Cost of living crisis spirals with 10.1% inflation

It’s been another gloomy week for economic data with UK inflation not showing any signs of slowing. The US CPI reading last week was celebrated for being below consensus estimates whereas, in the UK, we have not been so lucky. The first double-digit CPI reading in 40 years at 10.1% in July was 0.3 percentage points higher than the consensus expectation. Even the ONS was surprised by the data as prices historically fell in July but continued food inflation at 12.7% drove the rate higher.

Core CPI, the measure of inflation that excludes energy and food prices, also beat expectations at 6.2% indicating that inflationary pressure is continuing to surge throughout the economy. The data is likely to empower the Bank of England to act with faster and larger interest rate rises, particularly as the Bank comes under political criticism for failing its first true test on inflation since it became independent in 1997. Another rate increase of 50 basis points is expected at the next meeting in September while inflation is expected to rise further to 13% by the end of the year.

Sterling rose to 1.2120 against the euro before paring back to 1.1782 as of publication. The pound also rose against the dollar to 1.2143 before falling to 1.1853. UK government bonds sold off, driving the biggest jump in short-term borrowing costs since 2009. The inflation news led the yield on two-year gilts to jump 0.11%, an overall rise of about half a percentage point since last week.

UK consumer confidence fell to its lowest level since the data was first produced in 1974 as the cost of living stokes concern over personal finances. Although sales rose slightly 0.3% in July, data for the last three months showed a 1.2% decline. When online sales led by Amazon Prime Day are excluded, sales are down 3.4% annually and an expected 75% increase in energy bills in October is driving lower spending from consumers. UK real wages fell by 4.1%, the fastest pace since at least 2001 despite extremely low unemployment.

In emerging markets, inflation hit a 17-year high in Nigeria of 19.6% as food and energy prices rose rapidly. The Bank of Nigeria targets 9% inflation and has hiked interest rates by 250 basis points since May. Given the recent data, further rate rises are expected.

Turkey has made a surprise 100 basis point rate cut despite inflation soaring over 80%. 

The central bank justified the move by claiming that indicators suggested a slowdown in economic activity in the third quarter. The lira dropped to 18.14 against the dollar, its weakest intraday level since its major slide last year. The central bank supposedly targets 5% inflation but the rise of political influence has led to economists disregarding this figure in their predictions.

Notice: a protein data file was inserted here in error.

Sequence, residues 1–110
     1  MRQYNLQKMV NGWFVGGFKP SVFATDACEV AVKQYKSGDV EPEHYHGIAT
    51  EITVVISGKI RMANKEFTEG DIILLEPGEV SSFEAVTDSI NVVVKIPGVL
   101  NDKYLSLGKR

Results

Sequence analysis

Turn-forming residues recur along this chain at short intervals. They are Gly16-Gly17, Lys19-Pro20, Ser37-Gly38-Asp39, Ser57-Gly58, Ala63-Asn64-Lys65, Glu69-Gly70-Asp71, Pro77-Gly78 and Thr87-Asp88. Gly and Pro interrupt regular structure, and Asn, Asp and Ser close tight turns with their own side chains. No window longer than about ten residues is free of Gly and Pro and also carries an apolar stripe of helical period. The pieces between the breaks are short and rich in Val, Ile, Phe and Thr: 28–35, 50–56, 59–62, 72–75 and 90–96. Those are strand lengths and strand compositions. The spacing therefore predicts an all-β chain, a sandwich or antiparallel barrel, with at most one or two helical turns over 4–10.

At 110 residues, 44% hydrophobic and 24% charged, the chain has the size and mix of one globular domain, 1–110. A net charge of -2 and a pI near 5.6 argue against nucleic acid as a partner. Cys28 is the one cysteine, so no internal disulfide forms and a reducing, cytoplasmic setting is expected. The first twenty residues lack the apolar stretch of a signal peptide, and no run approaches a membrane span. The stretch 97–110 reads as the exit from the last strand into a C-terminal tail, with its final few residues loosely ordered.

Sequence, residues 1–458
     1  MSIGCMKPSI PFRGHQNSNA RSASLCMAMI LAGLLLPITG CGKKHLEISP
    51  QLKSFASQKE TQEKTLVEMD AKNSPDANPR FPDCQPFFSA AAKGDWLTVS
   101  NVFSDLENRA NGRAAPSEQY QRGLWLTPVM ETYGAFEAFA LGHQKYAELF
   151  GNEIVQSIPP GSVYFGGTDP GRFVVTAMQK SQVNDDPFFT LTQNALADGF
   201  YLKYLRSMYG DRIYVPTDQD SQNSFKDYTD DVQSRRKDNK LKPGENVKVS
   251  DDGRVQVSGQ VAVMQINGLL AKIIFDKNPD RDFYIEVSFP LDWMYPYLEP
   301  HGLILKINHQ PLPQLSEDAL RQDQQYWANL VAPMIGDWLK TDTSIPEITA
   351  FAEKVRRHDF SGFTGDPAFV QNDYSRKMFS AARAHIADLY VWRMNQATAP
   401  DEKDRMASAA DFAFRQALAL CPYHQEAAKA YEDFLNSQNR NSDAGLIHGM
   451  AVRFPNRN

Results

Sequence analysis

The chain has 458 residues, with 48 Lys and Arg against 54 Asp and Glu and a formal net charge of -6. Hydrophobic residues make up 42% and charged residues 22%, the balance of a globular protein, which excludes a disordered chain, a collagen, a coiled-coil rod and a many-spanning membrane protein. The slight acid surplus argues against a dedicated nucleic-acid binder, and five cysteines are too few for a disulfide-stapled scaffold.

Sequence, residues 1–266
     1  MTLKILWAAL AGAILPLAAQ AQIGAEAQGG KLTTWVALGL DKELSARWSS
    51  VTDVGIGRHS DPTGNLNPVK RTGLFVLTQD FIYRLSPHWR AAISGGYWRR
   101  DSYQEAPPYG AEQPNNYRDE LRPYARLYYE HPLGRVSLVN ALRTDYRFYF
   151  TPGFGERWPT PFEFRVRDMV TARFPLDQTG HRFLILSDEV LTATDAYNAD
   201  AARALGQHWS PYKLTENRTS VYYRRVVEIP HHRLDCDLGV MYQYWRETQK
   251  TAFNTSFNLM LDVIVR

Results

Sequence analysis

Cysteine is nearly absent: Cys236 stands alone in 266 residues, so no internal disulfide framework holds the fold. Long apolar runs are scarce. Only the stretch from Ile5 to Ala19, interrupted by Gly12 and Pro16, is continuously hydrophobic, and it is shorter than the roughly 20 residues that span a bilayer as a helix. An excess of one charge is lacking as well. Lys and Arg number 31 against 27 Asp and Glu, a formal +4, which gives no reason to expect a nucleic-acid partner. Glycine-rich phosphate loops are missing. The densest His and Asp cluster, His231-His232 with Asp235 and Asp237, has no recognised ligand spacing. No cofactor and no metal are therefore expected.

In Ghana, the Bank of Ghana increased interest rates by 300 basis points to 22%, its largest single rise since 2002. The bank has now increased its interest rate by 850 basis points since November after having held rates stable for the previous six years. These rate rises follow a pattern of large hikes in countries around the world including Hungary, South Africa and Mexico.

Earlier this week, China cut its key interest rate by 10 basis points and the world’s second-largest economy desperately tries to prevent its oncoming slowdown. Continuous Covid-19 lockdowns combined with a property crisis have severely muted economic activity. Youth unemployment hit a record 19.9% last week while the important retail sales figure was only a 2.7% rise compared with a 5% estimate.

China is piling on billions of dollars worth of stimulus including $148 bn for real estate bailouts but the economy is still only narrowly avoiding contraction. Rising levels of social control as a Zero-Covid policy is still pursued combined with reduced output growth have damaged the investor outlook in the country. The yuan weakened to a one-week low of 6.7715 against the dollar after the unexpected rate cut.

This week’s light-hearted news concerns some medieval healthcare suggestions revealed this week by Cambridge University. Researchers shared manuscripts that suggested several cures for common ailments including baking a salted owl and grinding it into a powder to prevent gout. The wide range of cures suggested that medieval Britain suffered from ailments similar to what we suffer from today although unfortunately, they didn’t have the wonders of modern medicine to turn to!

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